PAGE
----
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Norse Creation Myth
Norse Creation Myth

Norse Creation Myth

In a Nutshell

You can learn a lot about a people from their creation myth. What was important to them? What was forbidden? Who were their friends, their enemies? What was mysterious to them – what needed explaining?

The Vikings lived in a world of rocky crags and vast oceans. Their lives depended on the sun, moon, and stars, which they used to navigate the seas. The origin of all of these elements of the natural world is explained in their creation story. The Norse creation myth not only describes the creation of the world the Vikings would have seen every day, but also ones they didn't: whole other worlds populated by gods, trolls, dwarves, and spirits.

These worlds were separate from their own, but not so distant that what happened in Jotunheim or Asgard – the worlds of the giants and gods – couldn't somehow be sensed on Middle-Earth, the world of humans. Events in these other worlds – like the sound from the wheels of Thor's chariot or the sweat shaken from a supernatural chariot horse's mane – could explain natural events like the roll of thunder or the morning dew.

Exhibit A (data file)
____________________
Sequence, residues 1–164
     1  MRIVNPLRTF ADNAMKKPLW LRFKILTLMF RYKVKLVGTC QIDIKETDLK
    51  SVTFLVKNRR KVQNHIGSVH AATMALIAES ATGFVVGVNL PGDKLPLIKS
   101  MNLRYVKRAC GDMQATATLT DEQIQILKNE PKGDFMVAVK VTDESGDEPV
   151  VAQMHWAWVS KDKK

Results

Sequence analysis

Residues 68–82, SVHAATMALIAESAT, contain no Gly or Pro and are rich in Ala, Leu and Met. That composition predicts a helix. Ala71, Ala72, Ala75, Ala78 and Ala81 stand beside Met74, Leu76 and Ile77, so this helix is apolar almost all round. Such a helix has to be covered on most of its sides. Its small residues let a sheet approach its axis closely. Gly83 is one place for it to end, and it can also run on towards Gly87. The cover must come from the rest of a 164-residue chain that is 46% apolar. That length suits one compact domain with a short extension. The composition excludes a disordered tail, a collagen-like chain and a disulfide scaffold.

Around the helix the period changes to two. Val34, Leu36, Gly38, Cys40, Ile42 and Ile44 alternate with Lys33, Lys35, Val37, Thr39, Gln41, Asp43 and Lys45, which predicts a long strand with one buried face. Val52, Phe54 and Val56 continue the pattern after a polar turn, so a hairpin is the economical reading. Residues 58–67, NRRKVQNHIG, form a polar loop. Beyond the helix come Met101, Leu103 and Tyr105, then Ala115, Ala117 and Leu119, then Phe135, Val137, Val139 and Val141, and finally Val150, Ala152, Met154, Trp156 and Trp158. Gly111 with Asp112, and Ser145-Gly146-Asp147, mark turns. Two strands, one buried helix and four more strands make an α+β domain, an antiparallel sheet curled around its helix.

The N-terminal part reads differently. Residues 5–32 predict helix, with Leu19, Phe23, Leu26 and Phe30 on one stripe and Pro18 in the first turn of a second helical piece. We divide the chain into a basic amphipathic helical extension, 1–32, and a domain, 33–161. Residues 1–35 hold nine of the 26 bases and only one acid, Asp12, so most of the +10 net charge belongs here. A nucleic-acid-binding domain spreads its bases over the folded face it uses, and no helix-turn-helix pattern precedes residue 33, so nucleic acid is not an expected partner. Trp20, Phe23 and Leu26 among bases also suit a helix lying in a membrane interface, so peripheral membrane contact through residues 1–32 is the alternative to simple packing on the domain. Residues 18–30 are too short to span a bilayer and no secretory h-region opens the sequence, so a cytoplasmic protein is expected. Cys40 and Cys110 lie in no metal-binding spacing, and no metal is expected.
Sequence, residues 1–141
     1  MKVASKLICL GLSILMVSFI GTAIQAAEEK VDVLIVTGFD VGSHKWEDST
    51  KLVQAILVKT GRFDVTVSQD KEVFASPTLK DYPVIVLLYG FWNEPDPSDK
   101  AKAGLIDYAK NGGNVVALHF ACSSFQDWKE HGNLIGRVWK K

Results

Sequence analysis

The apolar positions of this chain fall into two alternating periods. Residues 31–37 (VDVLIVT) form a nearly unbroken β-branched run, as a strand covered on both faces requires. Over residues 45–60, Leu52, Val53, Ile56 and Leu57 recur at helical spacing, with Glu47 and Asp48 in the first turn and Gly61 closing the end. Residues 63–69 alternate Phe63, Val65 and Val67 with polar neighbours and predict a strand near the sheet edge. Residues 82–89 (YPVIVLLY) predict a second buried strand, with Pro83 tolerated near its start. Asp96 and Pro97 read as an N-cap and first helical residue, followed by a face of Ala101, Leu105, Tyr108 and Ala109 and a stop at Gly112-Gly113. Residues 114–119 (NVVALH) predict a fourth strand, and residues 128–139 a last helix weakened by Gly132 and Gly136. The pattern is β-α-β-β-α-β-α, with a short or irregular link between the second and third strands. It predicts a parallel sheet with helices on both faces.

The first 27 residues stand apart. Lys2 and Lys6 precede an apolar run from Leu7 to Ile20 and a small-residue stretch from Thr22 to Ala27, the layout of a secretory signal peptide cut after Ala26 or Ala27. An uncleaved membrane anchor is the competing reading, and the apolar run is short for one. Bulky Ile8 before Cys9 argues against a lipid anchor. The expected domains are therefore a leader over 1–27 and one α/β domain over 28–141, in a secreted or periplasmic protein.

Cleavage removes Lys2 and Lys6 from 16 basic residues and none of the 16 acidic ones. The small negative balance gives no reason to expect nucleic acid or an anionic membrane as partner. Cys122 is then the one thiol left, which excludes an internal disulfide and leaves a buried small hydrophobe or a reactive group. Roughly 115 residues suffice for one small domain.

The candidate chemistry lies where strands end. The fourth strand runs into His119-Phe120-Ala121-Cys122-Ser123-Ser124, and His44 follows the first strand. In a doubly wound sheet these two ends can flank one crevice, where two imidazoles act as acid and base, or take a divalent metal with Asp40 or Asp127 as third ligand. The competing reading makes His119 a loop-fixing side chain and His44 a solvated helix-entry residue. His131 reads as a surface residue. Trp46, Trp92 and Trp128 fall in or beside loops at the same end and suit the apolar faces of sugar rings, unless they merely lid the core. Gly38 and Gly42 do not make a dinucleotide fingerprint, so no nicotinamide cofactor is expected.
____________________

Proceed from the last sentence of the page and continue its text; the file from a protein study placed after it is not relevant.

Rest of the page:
The Norse creation myth also reflects another fact of Viking life, this one all-too-human: violence. For a people whose prosperity depended upon success in battle, what could be more natural than for creation to begin with destruction? From murder and bloodshed comes beauty and order. Now come on. Tell us you aren't curious about a creation story that begins with the murder and dismemberment of a hideous giant.

Shmoop Connections

Explore the ways this myth connects with the world and with other topics on Shmoop
  • Ovid's Metamorphoses is all about transformations, just like this story.
  • Walt Whitman mentions Odin as one of the gods who "was alive and did the work of [his] days" in the Song of Myself (53, 55).
  • Many of the races that the Norse gods create appear in J.R.R. Tolkien's Lord of the Rings trilogy and The Hobbit. Tolkien based his books on Germanic mythology.
  • John Milton gives his version of part of the Christian creation story in Paradise Lost.
  • In Ender's Game, Ender Wiggin plays a video game where he destroys a giant. Eventually, the giant's body turns into part of the landscape of "Fairyland."
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